The equation given, with the statement in the diagram that ##a## is negative, does not match the graph. That is a problem.
 
  • #22
Discussion looks too wild and I cannot follow it too closely. At least someone discussed the use of the distance formula definition for a parabola. That coordinated from the proper picture/sketch should be extremely helpful. The rest is to continue study, exercise, and think.
 
  • #23
symbolipoint said:
Discussion looks too wild and I cannot follow it too closely. At least someone discussed the use of the distance formula definition for a parabola. That coordinated from the proper picture/sketch should be extremely helpful. The rest is to continue study, exercise, and think.
This discussion has wandered from the original OP question. The original question is about the bottom diagram in the linked article. That diagram is wrong. A negative ##a## in the equation shown can not give the graph shown.
 
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  • #24
FactChecker said:
This discussion has wandered from the original OP question. The original question is about the bottom diagram in the linked article. That diagram is wrong. A negative ##a## in the equation shown can not give the graph shown.
Yes! I think it’s wrong too. But how come a website like this has mistakes. It’s quite popular in India now a days.
It should open up.
 

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  • #25
rudransh verma said:
Yes! I think it’s wrong too. But how come a website like this has mistakes. It’s quite popular in India now a days.
It should open up.
Proofreading is a never-ending, thankless job. No matter how long and hard they work, some errors will remain. You did well to spot the error.
 
  • #26
FactChecker said:
Proofreading is a never-ending, thankless job. No matter how long and hard they work, some errors will remain. You did well to spot the error.
Ok. Thank you.
 
  • #27
rudransh verma said:
But how come a website like this has mistakes. It’s quite popular in India now a days.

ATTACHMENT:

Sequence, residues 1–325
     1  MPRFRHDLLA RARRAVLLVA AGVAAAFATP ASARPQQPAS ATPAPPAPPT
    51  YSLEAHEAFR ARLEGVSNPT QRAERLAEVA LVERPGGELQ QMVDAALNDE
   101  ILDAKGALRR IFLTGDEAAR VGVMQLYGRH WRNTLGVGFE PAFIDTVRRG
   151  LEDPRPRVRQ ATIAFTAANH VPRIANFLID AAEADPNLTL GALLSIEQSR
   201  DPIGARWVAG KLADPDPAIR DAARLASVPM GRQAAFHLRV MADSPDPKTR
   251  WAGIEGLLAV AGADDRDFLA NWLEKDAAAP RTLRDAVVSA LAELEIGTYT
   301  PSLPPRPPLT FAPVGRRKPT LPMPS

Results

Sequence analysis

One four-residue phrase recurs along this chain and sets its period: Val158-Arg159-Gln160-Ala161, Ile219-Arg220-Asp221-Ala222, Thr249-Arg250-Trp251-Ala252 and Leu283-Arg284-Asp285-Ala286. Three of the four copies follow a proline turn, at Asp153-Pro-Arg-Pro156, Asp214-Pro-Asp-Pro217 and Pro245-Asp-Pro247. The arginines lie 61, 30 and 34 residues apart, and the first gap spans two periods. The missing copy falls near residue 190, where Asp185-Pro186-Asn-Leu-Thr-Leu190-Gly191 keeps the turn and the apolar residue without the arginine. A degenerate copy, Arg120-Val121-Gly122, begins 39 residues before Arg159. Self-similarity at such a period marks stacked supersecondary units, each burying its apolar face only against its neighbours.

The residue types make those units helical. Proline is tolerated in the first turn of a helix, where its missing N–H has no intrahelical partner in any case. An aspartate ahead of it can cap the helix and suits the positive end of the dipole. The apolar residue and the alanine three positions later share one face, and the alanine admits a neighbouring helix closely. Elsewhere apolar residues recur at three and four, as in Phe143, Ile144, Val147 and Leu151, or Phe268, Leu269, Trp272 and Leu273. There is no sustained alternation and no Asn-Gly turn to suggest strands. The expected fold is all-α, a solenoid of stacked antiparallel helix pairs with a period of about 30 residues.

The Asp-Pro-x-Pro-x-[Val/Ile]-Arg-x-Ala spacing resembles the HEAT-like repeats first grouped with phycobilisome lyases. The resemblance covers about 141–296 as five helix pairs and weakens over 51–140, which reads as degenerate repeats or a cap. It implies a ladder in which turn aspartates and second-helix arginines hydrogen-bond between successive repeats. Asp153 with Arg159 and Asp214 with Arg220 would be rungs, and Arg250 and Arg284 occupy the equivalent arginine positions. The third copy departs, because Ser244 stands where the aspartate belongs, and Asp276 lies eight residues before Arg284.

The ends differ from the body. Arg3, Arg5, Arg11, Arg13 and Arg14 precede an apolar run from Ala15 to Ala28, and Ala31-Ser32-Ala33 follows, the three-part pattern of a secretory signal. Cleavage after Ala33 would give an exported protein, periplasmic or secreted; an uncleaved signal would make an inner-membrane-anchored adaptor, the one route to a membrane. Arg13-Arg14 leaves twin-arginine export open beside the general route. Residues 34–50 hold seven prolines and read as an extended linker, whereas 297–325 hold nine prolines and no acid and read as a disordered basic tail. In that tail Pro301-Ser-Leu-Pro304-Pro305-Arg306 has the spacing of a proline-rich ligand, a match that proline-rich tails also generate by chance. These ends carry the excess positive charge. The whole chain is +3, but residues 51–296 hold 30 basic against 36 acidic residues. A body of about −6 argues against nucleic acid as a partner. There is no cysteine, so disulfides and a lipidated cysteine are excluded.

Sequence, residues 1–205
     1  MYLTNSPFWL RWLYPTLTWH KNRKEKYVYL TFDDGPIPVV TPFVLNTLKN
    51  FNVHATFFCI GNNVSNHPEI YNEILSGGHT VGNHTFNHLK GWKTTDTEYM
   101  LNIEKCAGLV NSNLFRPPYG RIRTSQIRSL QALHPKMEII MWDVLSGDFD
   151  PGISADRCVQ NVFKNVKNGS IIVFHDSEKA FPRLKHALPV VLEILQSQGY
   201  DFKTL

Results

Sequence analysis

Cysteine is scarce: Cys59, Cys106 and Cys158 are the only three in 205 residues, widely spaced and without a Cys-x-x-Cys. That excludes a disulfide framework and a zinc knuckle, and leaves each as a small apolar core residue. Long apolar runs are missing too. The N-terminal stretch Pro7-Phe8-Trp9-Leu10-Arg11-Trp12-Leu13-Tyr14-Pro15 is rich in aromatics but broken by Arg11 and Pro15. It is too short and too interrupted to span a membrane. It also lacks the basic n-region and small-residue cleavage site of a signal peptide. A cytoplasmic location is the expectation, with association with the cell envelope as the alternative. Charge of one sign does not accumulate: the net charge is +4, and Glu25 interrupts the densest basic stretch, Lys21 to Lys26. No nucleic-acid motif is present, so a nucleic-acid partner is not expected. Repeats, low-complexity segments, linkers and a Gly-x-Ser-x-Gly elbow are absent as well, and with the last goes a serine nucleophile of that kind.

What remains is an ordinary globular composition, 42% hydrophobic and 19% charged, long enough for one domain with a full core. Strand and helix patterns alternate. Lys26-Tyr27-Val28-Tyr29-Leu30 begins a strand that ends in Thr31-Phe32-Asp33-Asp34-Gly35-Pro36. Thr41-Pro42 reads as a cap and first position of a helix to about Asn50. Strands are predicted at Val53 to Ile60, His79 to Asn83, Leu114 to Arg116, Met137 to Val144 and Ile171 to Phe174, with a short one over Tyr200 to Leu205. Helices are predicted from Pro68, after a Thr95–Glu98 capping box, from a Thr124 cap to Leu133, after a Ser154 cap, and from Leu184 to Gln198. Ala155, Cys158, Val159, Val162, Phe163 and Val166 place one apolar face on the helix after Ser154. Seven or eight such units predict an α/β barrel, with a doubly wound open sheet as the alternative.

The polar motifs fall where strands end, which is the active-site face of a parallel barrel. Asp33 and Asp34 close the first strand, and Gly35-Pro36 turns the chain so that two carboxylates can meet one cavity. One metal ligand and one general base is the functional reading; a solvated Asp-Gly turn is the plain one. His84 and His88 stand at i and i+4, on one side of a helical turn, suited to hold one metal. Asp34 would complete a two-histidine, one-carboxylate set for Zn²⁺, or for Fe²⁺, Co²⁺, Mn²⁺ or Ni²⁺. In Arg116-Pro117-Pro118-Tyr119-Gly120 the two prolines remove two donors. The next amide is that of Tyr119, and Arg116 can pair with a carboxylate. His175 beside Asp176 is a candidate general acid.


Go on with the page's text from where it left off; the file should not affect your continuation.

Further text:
As I said: Maybe the equation actually was ##(x-h)^2=+4a(y-k).## (The link does not open here.)
 
  • #28
fresh_42 said:
As I said: Maybe the equation actually was ##(x-h)^2=+4a(y-k).## (The link does not open here.)
Yes, that would fix the figure in the linked article. Probably better would be if it said ##a \gt 0## to conform to the interpretation of ##a## as a distance. But the figure is wrong as it stands. Some other figures that say ##a \lt 0## are wrong.
(The link works in my Firefox browser)
 
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  • #29
FactChecker said:
(The link works in my Firefox browser)
You don't have the BCP handicap (Brussel's chair pooper = EU).
 
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  • #31
FactChecker said:
Proofreading is a never-ending, thankless job. No matter how long and hard they work, some errors will remain. You did well to spot the error.
Mistakes happen, and a few of them are published. A student on some rare occasion will ask for help somewhere, tell his audience what "the book" or "the answer key" says, and upon some helper checking on the problem, finds that the book or key answer is wrong. Yes! Mistakes in answer key publishing happen!
 
  • #32
fresh_42 said:
No, it is wrong. Parabolas of the form ##y=ax^2 +\ldots## are open at the top if ##a>0## and open at the bottom if ##a<0.## You can see this by yourself if you plug in some values for the parameters and the variable ##x.##

It could, however, also be the case that you put in a minus sign where there is none and the actual equation would be ##(x-h)^2=4a(y-k).##

You can find a lot of information on the Wikipedia page:
https://en.wikipedia.org/wiki/Parabola
Yes - if you include a minus sign in the "general" equation then when a is positive the graph opens downward which is incorrect. This is like textbooks which insist on writing the equation of a parabola in turning point form as $$y=a(x+p)^2+q$$ instead of $$y=a(x-p)^2+q$$. We should be using the latter so that a positive value of p results in a right shift.
 
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  • #33
neilparker62 said:
Yes - if you include a minus sign in the "general" equation then when a is positive the graph opens downward which is incorrect. This is like textbooks which insist on writing the equation of a parabola in turning point form as $$y=a(x+p)^2+q$$ instead of $$y=a(x-p)^2+q$$. We should be using the latter so that a positive value of p results in a right shift.
If that "a" is positive value, then the parabola has a minimum point. If "a" is negative, then parabola has a maximum point.
 
  • #34
symbolipoint said:
If that "a" is positive value, then the parabola has a minimum point. If "a" is negative, then parabola has a maximum point.
Yes - that's correct and that's how it should be. eg ##y=x^2## with a=1 !